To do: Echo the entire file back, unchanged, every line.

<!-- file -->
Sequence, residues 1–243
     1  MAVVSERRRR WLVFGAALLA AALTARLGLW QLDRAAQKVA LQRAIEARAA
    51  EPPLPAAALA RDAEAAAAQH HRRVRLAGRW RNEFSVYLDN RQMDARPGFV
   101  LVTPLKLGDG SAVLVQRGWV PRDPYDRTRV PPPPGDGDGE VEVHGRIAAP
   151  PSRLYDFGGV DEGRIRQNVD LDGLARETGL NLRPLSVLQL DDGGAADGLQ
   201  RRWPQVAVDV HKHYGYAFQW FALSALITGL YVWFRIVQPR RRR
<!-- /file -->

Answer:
Sequence, residues 1–243
     1  MAVVSERRRR WLVFGAALLA AALTARLGLW QLDRAAQKVA LQRAIEARAA
    51  EPPLPAAALA RDAEAAAAQH HRRVRLAGRW RNEFSVYLDN RQMDARPGFV
   101  LVTPLKLGDG SAVLVQRGWV PRDPYDRTRV PPPPGDGDGE VEVHGRIAAP
   151  PSRLYDFGGV DEGRIRQNVD LDGLARETGL NLRPLSVLQL DDGGAADGLQ
   201  RRWPQVAVDV HKHYGYAFQW FALSALITGL YVWFRIVQPR RRR